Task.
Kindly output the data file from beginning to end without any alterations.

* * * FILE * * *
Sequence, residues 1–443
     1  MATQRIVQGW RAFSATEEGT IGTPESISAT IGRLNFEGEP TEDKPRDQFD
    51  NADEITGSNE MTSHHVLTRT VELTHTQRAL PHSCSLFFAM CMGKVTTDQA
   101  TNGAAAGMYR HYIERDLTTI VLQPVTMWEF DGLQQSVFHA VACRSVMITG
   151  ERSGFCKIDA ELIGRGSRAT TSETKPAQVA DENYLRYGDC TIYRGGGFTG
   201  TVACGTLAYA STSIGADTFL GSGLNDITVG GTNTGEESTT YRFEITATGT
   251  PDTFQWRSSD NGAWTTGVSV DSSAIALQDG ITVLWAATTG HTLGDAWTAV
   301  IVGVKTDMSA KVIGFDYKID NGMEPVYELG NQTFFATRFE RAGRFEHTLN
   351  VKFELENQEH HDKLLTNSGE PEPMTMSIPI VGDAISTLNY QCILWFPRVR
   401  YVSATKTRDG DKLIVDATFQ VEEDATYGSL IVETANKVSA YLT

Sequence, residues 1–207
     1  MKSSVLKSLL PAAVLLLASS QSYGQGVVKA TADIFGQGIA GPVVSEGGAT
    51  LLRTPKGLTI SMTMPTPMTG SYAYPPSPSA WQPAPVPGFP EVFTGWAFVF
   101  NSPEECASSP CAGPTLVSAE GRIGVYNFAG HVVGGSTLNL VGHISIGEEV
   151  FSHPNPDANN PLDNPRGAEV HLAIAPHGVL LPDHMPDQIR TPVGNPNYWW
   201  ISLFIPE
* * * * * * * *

Sequence, residues 1–443
     1  MATQRIVQGW RAFSATEEGT IGTPESISAT IGRLNFEGEP TEDKPRDQFD
    51  NADEITGSNE MTSHHVLTRT VELTHTQRAL PHSCSLFFAM CMGKVTTDQA
   101  TNGAAAGMYR HYIERDLTTI VLQPVTMWEF DGLQQSVFHA VACRSVMITG
   151  ERSGFCKIDA ELIGRGSRAT TSETKPAQVA DENYLRYGDC TIYRGGGFTG
   201  TVACGTLAYA STSIGADTFL GSGLNDITVG GTNTGEESTT YRFEITATGT
   251  PDTFQWRSSD NGAWTTGVSV DSSAIALQDG ITVLWAATTG HTLGDAWTAV
   301  IVGVKTDMSA KVIGFDYKID NGMEPVYELG NQTFFATRFE RAGRFEHTLN
   351  VKFELENQEH HDKLLTNSGE PEPMTMSIPI VGDAISTLNY QCILWFPRVR
   401  YVSATKTRDG DKLIVDATFQ VEEDATYGSL IVETANKVSA YLT

Sequence, residues 1–207
     1  MKSSVLKSLL PAAVLLLASS QSYGQGVVKA TADIFGQGIA GPVVSEGGAT
    51  LLRTPKGLTI SMTMPTPMTG SYAYPPSPSA WQPAPVPGFP EVFTGWAFVF
   101  NSPEECASSP CAGPTLVSAE GRIGVYNFAG HVVGGSTLNL VGHISIGEEV
   151  FSHPNPDANN PLDNPRGAEV HLAIAPHGVL LPDHMPDQIR TPVGNPNYWW
   201  ISLFIPE